My first grandchild was born in NZ and I did not have the opportunity to see her until she was about 10 months old in many ways I think it’s harder for you because you already have the contact but that first twelve months was so precious and can never be taken away from you
I hope you can come to terms with this awful blow

sodapop Thu 15-Nov-18 09:12:20

I understand you feel unhappy Emm14 but you have not 'lost' your grandson he is simply moving away with his family where they feel they can have a better life,
There seem to be a lot of negative feelings in your post mainly around your daughter in law and her family. You enjoyed the first year of his life and can continue to be part of his life albeit in a different way. There are many ways of keeping contact now so look at how you can do this. Nobody will take your place, your grandson has two grandmothers who love him, that can only be a good thing.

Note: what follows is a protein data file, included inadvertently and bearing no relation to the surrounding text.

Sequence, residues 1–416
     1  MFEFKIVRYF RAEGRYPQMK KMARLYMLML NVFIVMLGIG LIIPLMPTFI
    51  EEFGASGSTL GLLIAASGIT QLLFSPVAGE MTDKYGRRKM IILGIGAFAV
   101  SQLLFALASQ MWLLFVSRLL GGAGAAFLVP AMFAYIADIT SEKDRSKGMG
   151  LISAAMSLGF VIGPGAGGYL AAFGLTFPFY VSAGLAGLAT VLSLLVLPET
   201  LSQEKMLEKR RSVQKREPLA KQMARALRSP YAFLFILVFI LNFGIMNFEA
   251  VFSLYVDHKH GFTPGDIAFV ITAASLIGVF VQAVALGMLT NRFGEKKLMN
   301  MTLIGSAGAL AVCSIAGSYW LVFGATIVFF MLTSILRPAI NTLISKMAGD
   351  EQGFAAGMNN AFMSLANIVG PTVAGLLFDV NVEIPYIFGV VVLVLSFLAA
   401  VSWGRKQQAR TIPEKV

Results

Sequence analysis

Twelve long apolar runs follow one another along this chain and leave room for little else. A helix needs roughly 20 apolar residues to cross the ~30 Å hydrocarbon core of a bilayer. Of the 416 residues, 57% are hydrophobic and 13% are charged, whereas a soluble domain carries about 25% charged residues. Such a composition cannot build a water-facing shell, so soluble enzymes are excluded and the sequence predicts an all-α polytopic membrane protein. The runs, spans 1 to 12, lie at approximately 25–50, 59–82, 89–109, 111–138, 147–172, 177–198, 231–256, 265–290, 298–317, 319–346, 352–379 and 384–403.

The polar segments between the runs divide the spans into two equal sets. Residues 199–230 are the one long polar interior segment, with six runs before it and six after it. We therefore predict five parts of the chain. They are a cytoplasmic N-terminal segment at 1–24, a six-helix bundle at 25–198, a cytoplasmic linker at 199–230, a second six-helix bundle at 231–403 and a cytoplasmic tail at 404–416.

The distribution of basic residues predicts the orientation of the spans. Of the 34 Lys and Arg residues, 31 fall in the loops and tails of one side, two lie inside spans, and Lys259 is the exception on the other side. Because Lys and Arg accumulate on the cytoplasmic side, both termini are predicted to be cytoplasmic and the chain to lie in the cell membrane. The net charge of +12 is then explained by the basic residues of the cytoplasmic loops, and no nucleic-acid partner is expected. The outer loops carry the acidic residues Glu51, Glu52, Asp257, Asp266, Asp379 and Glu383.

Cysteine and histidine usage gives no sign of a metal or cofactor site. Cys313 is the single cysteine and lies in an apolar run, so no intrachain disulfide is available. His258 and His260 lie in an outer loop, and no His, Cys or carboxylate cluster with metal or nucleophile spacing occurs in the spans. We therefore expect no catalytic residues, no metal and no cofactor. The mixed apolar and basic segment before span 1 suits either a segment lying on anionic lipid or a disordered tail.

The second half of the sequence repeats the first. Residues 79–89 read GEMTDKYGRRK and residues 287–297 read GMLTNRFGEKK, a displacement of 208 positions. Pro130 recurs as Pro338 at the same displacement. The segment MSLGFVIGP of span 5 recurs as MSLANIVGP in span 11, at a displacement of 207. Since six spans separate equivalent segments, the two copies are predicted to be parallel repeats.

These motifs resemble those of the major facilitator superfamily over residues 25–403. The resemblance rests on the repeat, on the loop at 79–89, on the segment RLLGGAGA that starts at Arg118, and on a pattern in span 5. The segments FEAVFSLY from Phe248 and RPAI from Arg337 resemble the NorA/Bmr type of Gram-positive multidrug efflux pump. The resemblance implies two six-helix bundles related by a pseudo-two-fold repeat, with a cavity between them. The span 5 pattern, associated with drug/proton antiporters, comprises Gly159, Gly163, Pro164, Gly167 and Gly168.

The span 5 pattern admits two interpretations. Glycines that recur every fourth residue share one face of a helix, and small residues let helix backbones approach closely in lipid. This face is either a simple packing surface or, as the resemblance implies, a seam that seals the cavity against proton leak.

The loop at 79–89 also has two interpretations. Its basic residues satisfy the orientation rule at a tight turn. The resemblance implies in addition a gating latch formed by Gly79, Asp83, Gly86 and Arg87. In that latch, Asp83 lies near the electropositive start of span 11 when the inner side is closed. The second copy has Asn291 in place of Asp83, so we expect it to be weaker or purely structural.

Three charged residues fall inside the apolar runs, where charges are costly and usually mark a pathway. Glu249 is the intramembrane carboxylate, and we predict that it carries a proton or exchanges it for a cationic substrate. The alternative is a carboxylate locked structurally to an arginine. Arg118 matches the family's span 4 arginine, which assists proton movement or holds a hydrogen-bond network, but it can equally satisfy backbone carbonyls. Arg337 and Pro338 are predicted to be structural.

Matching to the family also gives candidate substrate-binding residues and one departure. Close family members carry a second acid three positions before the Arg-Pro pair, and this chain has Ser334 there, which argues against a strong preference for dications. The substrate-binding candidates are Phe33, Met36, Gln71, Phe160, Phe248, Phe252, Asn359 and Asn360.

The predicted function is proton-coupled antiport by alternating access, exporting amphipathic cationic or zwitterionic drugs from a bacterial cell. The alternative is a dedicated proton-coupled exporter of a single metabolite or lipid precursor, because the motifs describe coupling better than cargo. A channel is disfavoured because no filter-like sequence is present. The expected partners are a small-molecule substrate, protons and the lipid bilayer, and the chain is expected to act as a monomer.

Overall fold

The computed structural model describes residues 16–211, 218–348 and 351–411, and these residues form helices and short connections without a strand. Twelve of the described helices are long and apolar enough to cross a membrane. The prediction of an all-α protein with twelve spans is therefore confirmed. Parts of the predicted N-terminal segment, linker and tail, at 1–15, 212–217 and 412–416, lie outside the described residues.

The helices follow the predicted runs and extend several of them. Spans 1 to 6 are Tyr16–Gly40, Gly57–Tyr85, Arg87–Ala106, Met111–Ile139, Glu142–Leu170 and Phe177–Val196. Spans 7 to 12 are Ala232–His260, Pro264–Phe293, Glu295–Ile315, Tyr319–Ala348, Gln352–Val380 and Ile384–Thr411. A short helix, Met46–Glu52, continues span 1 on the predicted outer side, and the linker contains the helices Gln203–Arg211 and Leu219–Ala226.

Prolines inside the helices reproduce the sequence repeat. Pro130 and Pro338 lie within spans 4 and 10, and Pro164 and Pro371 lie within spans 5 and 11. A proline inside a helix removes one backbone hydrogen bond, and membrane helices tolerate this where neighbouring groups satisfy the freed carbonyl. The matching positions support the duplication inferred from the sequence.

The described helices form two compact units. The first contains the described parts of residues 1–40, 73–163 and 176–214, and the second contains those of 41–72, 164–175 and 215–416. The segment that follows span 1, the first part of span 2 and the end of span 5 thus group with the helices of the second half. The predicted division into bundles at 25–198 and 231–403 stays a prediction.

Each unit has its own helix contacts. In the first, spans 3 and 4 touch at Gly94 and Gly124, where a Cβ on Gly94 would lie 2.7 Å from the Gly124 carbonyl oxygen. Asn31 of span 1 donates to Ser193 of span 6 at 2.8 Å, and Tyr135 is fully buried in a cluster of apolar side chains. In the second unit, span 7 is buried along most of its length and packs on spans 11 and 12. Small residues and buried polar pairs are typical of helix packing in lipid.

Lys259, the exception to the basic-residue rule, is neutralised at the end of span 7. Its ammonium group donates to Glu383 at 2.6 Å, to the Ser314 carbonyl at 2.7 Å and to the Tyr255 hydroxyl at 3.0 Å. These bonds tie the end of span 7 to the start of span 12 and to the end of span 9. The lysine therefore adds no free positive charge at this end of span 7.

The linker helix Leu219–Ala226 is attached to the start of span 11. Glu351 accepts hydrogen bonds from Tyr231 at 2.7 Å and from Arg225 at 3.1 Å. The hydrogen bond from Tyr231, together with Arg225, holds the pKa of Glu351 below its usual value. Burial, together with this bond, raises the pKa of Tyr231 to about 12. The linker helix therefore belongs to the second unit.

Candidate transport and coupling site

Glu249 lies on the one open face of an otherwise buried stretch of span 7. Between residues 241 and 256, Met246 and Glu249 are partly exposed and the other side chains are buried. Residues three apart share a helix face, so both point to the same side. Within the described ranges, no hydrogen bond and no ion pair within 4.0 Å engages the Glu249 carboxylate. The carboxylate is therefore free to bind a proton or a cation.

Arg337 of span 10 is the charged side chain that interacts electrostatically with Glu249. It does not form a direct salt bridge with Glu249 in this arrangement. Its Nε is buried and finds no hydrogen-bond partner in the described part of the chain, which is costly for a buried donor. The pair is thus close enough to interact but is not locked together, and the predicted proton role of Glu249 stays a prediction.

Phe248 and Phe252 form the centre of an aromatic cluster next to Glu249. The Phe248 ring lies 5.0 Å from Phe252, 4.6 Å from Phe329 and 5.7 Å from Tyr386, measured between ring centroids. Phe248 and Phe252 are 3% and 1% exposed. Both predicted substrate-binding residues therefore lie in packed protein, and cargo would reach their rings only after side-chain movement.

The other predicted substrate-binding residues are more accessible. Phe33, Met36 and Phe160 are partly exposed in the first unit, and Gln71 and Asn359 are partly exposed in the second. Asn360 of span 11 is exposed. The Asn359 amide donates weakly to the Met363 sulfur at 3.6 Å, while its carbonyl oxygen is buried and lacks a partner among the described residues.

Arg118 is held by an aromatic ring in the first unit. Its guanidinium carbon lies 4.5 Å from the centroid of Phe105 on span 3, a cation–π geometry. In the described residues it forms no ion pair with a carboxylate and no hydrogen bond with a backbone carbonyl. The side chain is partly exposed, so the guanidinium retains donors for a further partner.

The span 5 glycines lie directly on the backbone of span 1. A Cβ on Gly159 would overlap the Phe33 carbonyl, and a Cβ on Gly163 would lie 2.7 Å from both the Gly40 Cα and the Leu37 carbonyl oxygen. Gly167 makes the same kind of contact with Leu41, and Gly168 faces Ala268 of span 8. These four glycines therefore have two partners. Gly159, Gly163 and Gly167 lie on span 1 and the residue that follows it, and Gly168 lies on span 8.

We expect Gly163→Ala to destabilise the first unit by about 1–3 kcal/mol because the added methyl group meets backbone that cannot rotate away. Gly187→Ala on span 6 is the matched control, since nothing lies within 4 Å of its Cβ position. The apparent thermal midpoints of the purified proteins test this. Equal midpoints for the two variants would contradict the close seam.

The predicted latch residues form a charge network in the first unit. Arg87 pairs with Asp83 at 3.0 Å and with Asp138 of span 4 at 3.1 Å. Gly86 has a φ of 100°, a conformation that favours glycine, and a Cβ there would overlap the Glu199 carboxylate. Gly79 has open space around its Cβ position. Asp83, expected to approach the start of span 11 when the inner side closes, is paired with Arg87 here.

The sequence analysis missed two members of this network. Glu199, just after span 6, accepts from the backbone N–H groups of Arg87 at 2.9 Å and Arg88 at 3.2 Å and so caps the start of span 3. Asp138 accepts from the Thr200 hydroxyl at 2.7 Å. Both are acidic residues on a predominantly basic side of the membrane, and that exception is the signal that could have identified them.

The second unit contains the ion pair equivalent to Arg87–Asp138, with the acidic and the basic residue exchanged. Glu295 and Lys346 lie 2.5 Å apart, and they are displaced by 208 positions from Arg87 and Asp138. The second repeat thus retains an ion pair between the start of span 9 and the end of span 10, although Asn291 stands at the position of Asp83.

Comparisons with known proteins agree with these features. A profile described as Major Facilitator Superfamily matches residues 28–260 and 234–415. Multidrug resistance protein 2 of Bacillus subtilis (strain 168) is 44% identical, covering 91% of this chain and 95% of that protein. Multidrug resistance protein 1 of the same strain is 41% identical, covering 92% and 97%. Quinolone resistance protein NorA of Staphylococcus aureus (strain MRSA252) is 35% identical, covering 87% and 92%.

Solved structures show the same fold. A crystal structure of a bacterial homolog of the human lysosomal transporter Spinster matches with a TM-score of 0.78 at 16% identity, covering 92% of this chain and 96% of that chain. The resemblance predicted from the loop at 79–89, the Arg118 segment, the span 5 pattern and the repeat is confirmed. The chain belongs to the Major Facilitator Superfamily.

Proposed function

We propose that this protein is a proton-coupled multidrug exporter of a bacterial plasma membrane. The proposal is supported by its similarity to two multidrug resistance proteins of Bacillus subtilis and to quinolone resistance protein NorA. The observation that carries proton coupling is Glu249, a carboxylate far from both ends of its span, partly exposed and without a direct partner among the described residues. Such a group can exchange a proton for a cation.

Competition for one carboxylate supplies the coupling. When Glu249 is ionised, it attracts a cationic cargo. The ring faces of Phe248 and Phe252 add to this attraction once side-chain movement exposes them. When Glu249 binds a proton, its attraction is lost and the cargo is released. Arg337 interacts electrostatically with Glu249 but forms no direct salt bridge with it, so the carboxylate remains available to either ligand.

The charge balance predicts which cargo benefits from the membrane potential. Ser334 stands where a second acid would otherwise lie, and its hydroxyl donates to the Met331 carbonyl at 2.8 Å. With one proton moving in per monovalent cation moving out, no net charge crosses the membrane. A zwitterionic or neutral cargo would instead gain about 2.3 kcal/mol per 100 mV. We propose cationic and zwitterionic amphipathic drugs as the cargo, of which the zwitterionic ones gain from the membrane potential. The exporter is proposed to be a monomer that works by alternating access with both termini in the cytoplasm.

I know how you feel as my family also emigrated when my granddaughter was a baby and my grandson was born in USA. Try to lok at things in a more positive light

Luckygirl Thu 15-Nov-18 09:20:02

This must be hard to adapt to - but you will.

I am sorry that your relationship with your DIL is not good - but I am sure they are moving for what they see as a better life for their family, rather than an act of aggression towards you.

If you are to maintain contact it would be good to try and mend your relationship with DIL as far as you are able, as the continued contact from abroad requires co-operation on both sides.

Emm14 Thu 15-Nov-18 09:24:08

Thank you Sodapop for your firm but kind advice. You are right, I am being rather negative. I guess my feelings towards my DIL are making this feel much worse than it is. She doesn’t have ANY family, apart from this stepmother who I know she wants to be close to. My husband and myself are our grandsons only ‘blood’ family and to be absolutely honest, I have always felt we are at the top of the list when it comes to important people in our GS life. I know it’s wrong to think that but I do. Thank you again very much - I did need to hear your words smile